America is Not a Christian Nation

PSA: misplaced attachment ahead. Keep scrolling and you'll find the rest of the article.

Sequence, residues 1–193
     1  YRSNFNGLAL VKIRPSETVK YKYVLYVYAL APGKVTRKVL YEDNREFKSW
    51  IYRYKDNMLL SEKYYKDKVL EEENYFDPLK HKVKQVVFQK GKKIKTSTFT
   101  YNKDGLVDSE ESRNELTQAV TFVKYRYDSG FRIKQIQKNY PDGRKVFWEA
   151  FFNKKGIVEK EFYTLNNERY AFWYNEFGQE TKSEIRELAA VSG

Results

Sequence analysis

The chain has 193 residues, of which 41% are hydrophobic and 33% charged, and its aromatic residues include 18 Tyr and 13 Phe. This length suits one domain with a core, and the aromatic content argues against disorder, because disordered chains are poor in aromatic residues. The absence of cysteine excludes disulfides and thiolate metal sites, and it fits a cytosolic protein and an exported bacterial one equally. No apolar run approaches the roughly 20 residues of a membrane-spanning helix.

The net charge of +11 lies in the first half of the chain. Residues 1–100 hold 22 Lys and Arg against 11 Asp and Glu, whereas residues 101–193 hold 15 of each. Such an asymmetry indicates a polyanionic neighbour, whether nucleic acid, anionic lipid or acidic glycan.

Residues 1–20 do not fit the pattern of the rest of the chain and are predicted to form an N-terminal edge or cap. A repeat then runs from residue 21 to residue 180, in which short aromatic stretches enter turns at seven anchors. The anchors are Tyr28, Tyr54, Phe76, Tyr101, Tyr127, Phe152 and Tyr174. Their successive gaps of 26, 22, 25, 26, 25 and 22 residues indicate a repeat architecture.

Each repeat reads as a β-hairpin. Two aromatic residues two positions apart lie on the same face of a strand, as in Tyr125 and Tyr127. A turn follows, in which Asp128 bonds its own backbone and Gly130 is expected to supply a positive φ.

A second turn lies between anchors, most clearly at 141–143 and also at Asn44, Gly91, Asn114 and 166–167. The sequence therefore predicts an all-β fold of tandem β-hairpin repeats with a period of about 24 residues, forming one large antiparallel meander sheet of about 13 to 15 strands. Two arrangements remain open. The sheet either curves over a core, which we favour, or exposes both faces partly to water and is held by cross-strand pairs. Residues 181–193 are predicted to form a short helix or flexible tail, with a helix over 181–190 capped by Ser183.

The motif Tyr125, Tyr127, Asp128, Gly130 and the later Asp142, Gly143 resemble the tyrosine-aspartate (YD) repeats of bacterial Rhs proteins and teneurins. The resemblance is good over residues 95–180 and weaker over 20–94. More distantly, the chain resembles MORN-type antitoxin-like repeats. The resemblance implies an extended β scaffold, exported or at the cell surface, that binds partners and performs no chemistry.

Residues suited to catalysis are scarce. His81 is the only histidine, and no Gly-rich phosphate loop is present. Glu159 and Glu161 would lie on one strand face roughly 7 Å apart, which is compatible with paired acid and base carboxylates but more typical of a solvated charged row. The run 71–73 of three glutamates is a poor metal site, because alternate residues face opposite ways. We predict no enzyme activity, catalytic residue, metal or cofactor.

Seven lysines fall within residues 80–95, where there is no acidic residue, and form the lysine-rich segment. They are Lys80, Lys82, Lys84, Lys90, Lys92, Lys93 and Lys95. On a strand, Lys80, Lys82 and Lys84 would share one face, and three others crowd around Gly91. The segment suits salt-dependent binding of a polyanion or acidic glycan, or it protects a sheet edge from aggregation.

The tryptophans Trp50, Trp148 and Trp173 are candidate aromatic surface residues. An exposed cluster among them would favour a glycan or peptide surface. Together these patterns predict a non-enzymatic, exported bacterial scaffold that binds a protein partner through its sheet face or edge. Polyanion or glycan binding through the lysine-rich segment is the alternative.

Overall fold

it's great to welcome back to the program today Andrew Seidel who's a civil rights and constitutional attorney with the Freedom From Religion Foundation where he serves as the director of strategic response works to keep state and church separate his new book is the founding myth why Christian nationalism is unamerican Andrew so great to have you back on thank you for having me on it really is a pleasure I appreciate it David so we recently did a story which was called something like the founding fathers were progressive and you should be too and with without getting into the sort of politics of it there is this idea which was part of that story that we did our best to debunk which is the idea that because all of the founding fathers were Christian that there is either some explicit or implicit reasoning behind saying the United States is fundamentally a Christian nation now before we get to part two of that the first question we have to ask is where the founding fathers actually Christian what we found is that while they were mostly deists they were not actually mostly Christian as is often described but my question to you is does that even really matter in figuring out whether the United States should have this sort of motto or umbrella term of being a Christian nation is the is the religion of the founding fathers even relevant to that my contention is that it is not and this is the argument that I try to make in the founding myth it's a really interesting conversation and it's fascinating to delve into the beliefs of the founders but when you're talking about well is this actually a Christian nation it doesn't matter so if it let's say let's just agree for a second for the sake of argument that all the founders were these Bible believing Jesus rose from the dead Christians you would still then have to connect those beliefs to the founding of the United States and just because somebody is religious their religion doesn't claim ownership over every other idea that their mind generates you know for instance blue jeans were invented by two Jewish guys but we don't go around calling them Jewish blue jeans they're just blue jeans well you some of the YouTube comments I get before you say nobody's doing that but yeah I don't think we shouldn't be doing that yeah and we don't think we can judge everything by the YouTube comments because they do yes yeah nikka generates quick down there sorry everybody the larger point I think is you would still have to connect it to the founding and you can't do that and when you look at what the founders talked about and believed and actually wrote in to the founding documents they really did believe in the separation of state and church they were trying to keep religion out of government and government out of religion and those were kind of that was kind of one of the big ideas that was unique to America it was the first time that that had been put into practice and it was I mean it's the it's the American invention then probably our biggest contribution to political science and we ought to be proud of that fact as Americans proud of the separation of state and church I ended proud of its progressive leanings I think as well so if if indeed the original founders were did not have this belief of sort of Christian nationalism as the basis for the United States of America and now there is a wing of the American political sphere that does have that belief at some point something made that belief start among a certain wing of the American political sphere where did that start where did it come from where did this idea this talking point that became very prevalent in certain political circles start from if not with the actual founders that and that's a fascinating question so Christian national Christian nationalism is really this idea that the United States not only was founded as a Judea as a Christian nation but it was founded on judeo-christian principles yeah and put that Dakota to that is that it needs to return to those principles so really and that is the that's the driving motivating force for Christian nationalists they're trying to get this returned this the and it's it's Golden Age thinking really accept that the problem for them is that we never were founded as a Christian nation so you saw it really ride the rise of Christian nationalism began with sort of the rise of the moral majority and it wouldn't it didn't really get that name Christian nationalism until the mid 2000s and it was always sort of this impotent little sideshow on the fringes of conservative politics on the fringes of conservative religion but that all changed with the 2016 election because Donald Trump rode a wave of Christian nationalism into the highest office in the land I mean he is not president in spite of his Christian nationalist leanings and rhetoric but because of that Christian nationalist rhetoric yeah and that gets us to making this distinction which is an important one between someone between Christianity so to speak and Christian nationalism because I think as many have obviously pointed out if you compare Donald Trump's philosophy and the way he's lived his life to the sort of Christian Bible you see a lot of contradictions there you see a lot of problems but ultimately most evangelical Christians did vote for Donald Trump and it seems to me Andrew and correct me if I'm wrong wrong that underlying it is that even though Donald Trump may not have personally lived his life as a Christian the nationalistic undertones of Donald Trump's campaign are in line with this broader idea of Christian nationalism that seems to be kind of separate from one identifying as a Baptist or or or as an evangelical for example know that and that's absolutely right and it's really important that people understand that the number one predictor of whether or not somebody would vote for Donald Trump in the 2016 election was not political party and it was not their religion I wasn't even whether or not they were racist socioeconomic status none of that the number one predictor was whether or not somebody believed that the United States was a Christian nation so Christian nationalism was the best indicator of whether or not somebody was would have been a Donald Trump voter in the 2016 election that data is pretty ironclad now Andrew Whitehead out of the University of Clemson has done a number of studies on this it's it's very clear so Trump wasn't tapping into even the Republican Party or even into the evangelical movement there's just happens to be a huge overlap between those two and Christian nationalism that was really what he was tapping into to win this election what about that's a little more amorphous idea of the you you alluded to it already judeo-christian values which is we can we can slice and dice the exact religions of the founders we can talk about separation of church and state in some kind of formal or legal sense but it's undeniable some will say that the sort of the mental moral infrastructure of the United States was based on the judeo-christian and really – that means Christian because there were almost no Jews who were part of this group mostly Christian people Christian Christian insight in terms of the values again not in terms of necessarily identifying as Baptist or whatever the case may be who said we want to leave England and settle the new world in order to have full religious freedom how do we take on that argument which is a little bit more nebulous and blurry and and that's exactly what I try to do in the founding myth and it is more nebulous and blurry and that's why it's the fallback position if you can push back on were not founded as a Christian nation the next argument you always get is well I really meant we were founded on judeo-christian principles and that's really what the founding myth pushes back on and so what I did was I actually compared the judeo-christian principles from the Bible I looked at every one of the Ten Commandments and then I compared those to the founding principles the United States to those elements of political science and political philosophy that the founders used to actually build this country and I what I discovered was not just that judeo-christian principles didn't influence the founding but that they're fundamentally opposed to the founding of the United States what give like a one or two examples of that if you can I mean the best example would be let's just focus on the first of the first commandment right the first commandment is I am the Lord your God you shall have no other gods before me it runs completely counter to one of our founding principles religious liberty you can worship no God you can worship a hundred gods you get to have free religious liberty in this in this country and if you were to follow the Ten Commandments you only get to worship that biblical God and that's it so there's this fundamental conflict so it's not only that we weren't founded on judeo-christian values or principles but it's a good thing we weren't otherwise we wouldn't have the values and the freedoms that we so cherish today so if we decided to cherry-pick only the areas in which maybe there does seem to be significant overlap between the sort of founding values in Christianity just as a thought experiment for a second we then get to the problem of sort of correlation and causation and I've actually heard a number of of thinkers point out that just because most of the individuals who made big advancements in for example stone tools metal tools maybe it's a better example were adherents to a certain religion that doesn't really give us any causal case for the religion being a factor it may just be that at the time there was a sort of default to a particular religious belief so to speak a lot of the values that do seem to overlap between the founders of the US and Christianity are values that existed much more than 5,000 years ago in human societies anyway some of the question is are they really even Christian values and that's a really excellent point and it is one that I do make in the founding myth in a couple different places one thing that we often hear is well the United States is it was founded on the Golden Rule and I think that's a hard argument to make actually but I just assume for the sake of argument in the book that that is true but then the liquid next question is well is the golden rule really a Christian principle and my argument is that it's not this is a universal human principle that every successful society we know of has developed on its own I mean a 2 3 4 year-old child can understand the idea of reciprocal morality it's it's really not a difficult concept and to allow Christian Christianity or even Christian nationalism to claim it as its own is is to me a form of arrogance that that I don't think we should allow to stand can you talk a little bit about slogans like In God We Trust on money or one nation under God or the addition of a reference to God in the Pledge of Allegiance and the role that those slogans have in perpetuating these ideas of the United States as a Christian nation I mean they have a huge role in perpetuating that myth and the role is deliberate so you know one thing that I think maybe our site is pretty good at when it comes to pushing back on those those mottos is pointing out that none of those are from the founding generation but then we tend to leave it at that and in the founding myth I really wanted to go beyond that I so I explore how these phrases entered our vernacular and it turns out that they were deliberately put there during times of national fear and strife when you had a few very few a handful in each case Christians Christian nationalists we would call them today trying to use their public office to promote their personal religion so you know you have this happening during the height of the Civil War when the country is literally tearing itself apart and people aren't paying attention to what's being inscribed on the coinage and yet it's basically three guys responsible for getting it on there at that point the same thing was happening in the 1950s where we ended up with the National Day of Prayer and under God in the pledge that it was this time of national fear and so it's not just that they're taking advantage of a country that's scared and fearful but they're also wiping out unifying sentiments with religion which tends to be really divisive you know and so our original de facto motto was a pluribus unum from one people or from one from many people one nation from many states one country and they wiped that out within god we trust' and the same thing happened with the Pledge of Allegiance it used to read one nation individual indivisible which is this beautiful sentiment and then they're literally dividing the indivisible with God so it's not just they're taking advantage of times of fear and strife and then they're wiping out unifying sentiments to promote their personal religion this seems way bigger to me than partisan politics in the sense that okay I mean there are candidates whose philosophy is more of a departure from the sort of thinking that gets you to Christian nationalism so there are differences I'm not pretending that Trump and Biden and Bernie are all sort of like the same on this but but in a sense this is a much bigger cultural thing this relates to the courts and the Supreme Court in ways that that kind of transcend many decades so how does something like this change in a country when who we elect is only like a small piece of it you're absolutely right and right now it's infecting all kinds of policy immigration policy we saw it in the Muslim ban Education Policy Betsy DeVos is essentially trying to dismantle public education all of those are on the back of Christian nationalism foreign-policy we're seeing and you are right that courts judges and not just Trump judges are deciding cases based on some of the myths and the lies that I try to expose in my book but you're also right to say that it's bigger because at its most basic level what this is is an attempt to redefine what it is to be an American they are trying to say that to be an American you have to be a Christian and to be a Christian is to be an American and once they've redefined the American identity like that they're going to redefine all of our laws accordingly and to me that is one of the central reasons why I say that Christian nationalism is unamerican it's not just that those judeo-christian principles often are directly opposed to our founding values it's that this entire movement is meant to redefine what it is to be an American in an unamerican way we've been talking a lot about the content of Andrew sidles new book the founding myth why Christian nationalism is unamerican but there's much more great stuff in it Andrew always great to talk to you and I really appreciate your time David thank you so much it's always a pleasure